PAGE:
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Default Isolation transformers

Can someone tell me the difference between the standard Charles 3.6kVA
transformer and the ISO-G2 3.6kVA transformer? (Other than the $500
difference in price, that is.)

--
Glenn Ashmore

I'm building a 45' cutter in strip/composite. Watch my progress (or lack
there of) at: http://www.rutuonline.com
Shameless Commercial Division: http://www.spade-anchor-us.com


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Default Isolation transformers

"Glenn Ashmore" wrote in news:FtYoj.13967$M24.9654
@newsfe17.lga:

(Other than the $500
difference in price, that is.)


That's probably it.....$500. Same as the difference between a yellow 50'
50A cord for $800 from Waste Marine and a black 50' 50A cord for $125 from
the local camping dealer.....$675...

It's why the docks don't have the same receptacles as the campgrounds....
(c;

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Default Isolation transformers

Glenn Ashmore ha scritto:
Can someone tell me the difference between the standard Charles 3.6kVA
transformer and the ISO-G2 3.6kVA transformer? (Other than the $500
difference in price, that is.)


I am not sure in this case but: look at the weight! There are on the
market isolation transformers that use a switching device: a relatively
complex electronic way to obtain the same average power by switching a
highest power on/off at high frequency. The classical high power
transformers are very heavy beacause they need a lot of copper wire and
metal and, at most, need a simple circuit to avoid the turn-on
overcurrent, the switching ones use much lighter (less heavy)
transformers but need active electronics to be driven.

Daniel
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Default Isolation transformers

In article ,
"Glenn Ashmore" wrote:

Can someone tell me the difference between the standard Charles 3.6kVA
transformer and the ISO-G2 3.6kVA transformer? (Other than the $500
difference in price, that is.)


If you look at the Spec Sheets for both transformers, I suspect you will
also note, that the more expensive one will have a Isolated,
non-Overlapping, Windings, and a Grounded Isolation Shield, between the
Primary, and Secondary Windings. This precludes any chance of a Fault
to the Core, causing the Isolation of the Transformer to be breached.

--
Bruce in alaska
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Default Isolation transformers

On Feb 2, 7:47*am, Daniele Fua wrote:
There are on the
market isolation transformers that use a switching device: a relatively
complex electronic way to obtain the same average power by switching a
highest power on/off at high frequency.


An isolation tranformer that is based on high frequency switching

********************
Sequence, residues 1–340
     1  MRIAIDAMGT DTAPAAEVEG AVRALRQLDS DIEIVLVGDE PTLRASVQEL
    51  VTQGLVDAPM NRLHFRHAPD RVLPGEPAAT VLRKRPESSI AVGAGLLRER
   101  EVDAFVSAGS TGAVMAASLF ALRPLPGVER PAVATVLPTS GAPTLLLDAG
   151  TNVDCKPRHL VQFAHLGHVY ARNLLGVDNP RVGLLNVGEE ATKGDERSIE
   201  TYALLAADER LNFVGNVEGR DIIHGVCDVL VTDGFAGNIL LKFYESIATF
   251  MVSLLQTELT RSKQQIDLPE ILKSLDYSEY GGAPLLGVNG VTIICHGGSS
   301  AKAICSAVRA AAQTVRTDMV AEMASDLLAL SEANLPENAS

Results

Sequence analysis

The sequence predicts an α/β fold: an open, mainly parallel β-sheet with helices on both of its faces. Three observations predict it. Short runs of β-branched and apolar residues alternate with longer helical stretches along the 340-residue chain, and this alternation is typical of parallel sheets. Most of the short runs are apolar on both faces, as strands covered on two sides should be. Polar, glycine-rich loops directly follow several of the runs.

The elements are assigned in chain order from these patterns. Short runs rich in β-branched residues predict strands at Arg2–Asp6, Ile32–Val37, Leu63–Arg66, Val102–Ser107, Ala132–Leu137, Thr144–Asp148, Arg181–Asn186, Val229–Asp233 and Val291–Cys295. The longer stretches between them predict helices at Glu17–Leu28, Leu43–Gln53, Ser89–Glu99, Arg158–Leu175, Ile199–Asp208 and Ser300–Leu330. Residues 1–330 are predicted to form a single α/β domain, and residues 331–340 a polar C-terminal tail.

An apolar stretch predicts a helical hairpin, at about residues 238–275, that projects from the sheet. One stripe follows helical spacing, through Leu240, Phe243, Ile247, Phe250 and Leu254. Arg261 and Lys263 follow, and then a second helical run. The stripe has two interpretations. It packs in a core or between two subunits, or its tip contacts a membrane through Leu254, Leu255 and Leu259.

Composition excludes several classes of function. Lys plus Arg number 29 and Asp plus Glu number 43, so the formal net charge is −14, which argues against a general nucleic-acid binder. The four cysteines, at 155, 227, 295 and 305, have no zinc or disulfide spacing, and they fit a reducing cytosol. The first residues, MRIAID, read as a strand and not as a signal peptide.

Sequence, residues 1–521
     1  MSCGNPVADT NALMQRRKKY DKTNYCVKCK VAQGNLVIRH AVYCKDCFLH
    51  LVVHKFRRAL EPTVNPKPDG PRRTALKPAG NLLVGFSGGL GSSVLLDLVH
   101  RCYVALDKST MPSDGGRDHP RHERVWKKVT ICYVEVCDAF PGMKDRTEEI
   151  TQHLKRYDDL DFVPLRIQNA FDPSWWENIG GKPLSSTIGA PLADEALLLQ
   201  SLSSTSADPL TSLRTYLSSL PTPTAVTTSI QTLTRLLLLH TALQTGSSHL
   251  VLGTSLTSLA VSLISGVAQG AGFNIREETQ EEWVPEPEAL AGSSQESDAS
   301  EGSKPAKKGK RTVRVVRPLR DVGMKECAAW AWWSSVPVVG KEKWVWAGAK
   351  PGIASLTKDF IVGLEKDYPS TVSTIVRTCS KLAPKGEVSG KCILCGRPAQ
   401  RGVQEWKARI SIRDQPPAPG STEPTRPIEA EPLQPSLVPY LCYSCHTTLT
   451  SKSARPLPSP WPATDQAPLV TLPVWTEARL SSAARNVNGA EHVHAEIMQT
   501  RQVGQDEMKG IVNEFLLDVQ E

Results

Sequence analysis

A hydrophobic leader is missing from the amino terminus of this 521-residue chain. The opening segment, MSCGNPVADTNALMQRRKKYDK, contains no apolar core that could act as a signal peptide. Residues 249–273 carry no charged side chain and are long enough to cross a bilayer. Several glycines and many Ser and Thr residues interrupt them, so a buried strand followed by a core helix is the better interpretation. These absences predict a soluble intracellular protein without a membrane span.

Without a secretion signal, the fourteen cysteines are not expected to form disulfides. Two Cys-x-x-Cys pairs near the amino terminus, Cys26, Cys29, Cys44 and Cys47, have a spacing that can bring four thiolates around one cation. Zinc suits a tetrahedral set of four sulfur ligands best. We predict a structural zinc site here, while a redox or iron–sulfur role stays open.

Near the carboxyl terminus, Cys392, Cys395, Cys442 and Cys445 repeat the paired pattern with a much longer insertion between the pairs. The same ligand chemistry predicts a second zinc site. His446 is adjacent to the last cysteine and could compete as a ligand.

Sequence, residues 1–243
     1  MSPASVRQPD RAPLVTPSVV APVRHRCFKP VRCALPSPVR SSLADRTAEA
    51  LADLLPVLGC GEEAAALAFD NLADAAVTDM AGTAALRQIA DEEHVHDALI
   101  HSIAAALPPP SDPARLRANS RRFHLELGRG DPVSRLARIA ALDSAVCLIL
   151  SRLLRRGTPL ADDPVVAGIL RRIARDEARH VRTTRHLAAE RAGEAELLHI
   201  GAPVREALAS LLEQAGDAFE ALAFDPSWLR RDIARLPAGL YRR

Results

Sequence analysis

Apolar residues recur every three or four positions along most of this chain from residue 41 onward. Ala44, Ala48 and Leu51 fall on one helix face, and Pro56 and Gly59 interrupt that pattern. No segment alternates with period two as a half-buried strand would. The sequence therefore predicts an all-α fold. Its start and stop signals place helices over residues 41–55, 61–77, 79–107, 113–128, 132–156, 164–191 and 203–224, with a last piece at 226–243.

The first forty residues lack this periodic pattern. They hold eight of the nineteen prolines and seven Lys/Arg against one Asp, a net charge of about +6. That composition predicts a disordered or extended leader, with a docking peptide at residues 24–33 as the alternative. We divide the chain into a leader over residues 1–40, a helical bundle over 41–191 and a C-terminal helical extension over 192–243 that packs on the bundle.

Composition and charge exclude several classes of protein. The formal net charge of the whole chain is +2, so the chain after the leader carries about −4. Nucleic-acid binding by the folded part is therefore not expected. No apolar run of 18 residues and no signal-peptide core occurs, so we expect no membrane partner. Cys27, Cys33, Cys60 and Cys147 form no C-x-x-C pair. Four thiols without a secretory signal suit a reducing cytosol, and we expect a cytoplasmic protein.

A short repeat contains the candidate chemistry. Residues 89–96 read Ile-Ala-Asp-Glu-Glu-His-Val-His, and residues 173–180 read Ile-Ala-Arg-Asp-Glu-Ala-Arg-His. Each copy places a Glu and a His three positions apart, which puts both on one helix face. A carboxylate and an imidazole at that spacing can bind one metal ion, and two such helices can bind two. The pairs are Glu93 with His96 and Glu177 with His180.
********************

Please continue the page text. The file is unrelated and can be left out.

electronics? Aren't isolation transformers basically 1:1 copper
windings on an iron core, potted in an epozy sand mix for thermal
mass?

Please point me to an example of an active electronics (lightweight)
marine isolation transformer.



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Default Isolation transformers

On Wed, 20 Feb 2008 13:04:52 -0800 (PST), Mark
wrote:

On Feb 2, 7:47*am, Daniele Fua wrote:
There are on the
market isolation transformers that use a switching device: a relatively
complex electronic way to obtain the same average power by switching a
highest power on/off at high frequency.


An isolation tranformer that is based on high frequency switching
electronics? Aren't isolation transformers basically 1:1 copper
windings on an iron core, potted in an epozy sand mix for thermal
mass?

Please point me to an example of an active electronics (lightweight)
marine isolation transformer.


Here's one:

http://www.mastervolt.com/en/124/world's_first_switch-mode_isolation_transformer.html

It may not cost enough to qualify for "marine status" but just double
the price and it might work.

You can do a Yahoo search on switch mode isolation transformer and see
what else comes up.

Chuck

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Default Isolation transformers

At 12 pounds and half the size of the Charles it looks good but at $1500 it
is a bit out of my price range. The other thing that I wonder about is the
specs say the output voltage is within 5% of the input voltage which means
there is no protection against low voltage. Even a regular switching power
supply supplies a stable voltage. A stable voltage is about the only reason
beyond weight and size I can think of for paying that much.

--
Glenn Ashmore

I'm building a 45' cutter in strip/composite. Watch my progress (or lack
there of) at: http://www.rutuonline.com
Shameless Commercial Division: http://www.spade-anchor-us.com

"Chuck" wrote.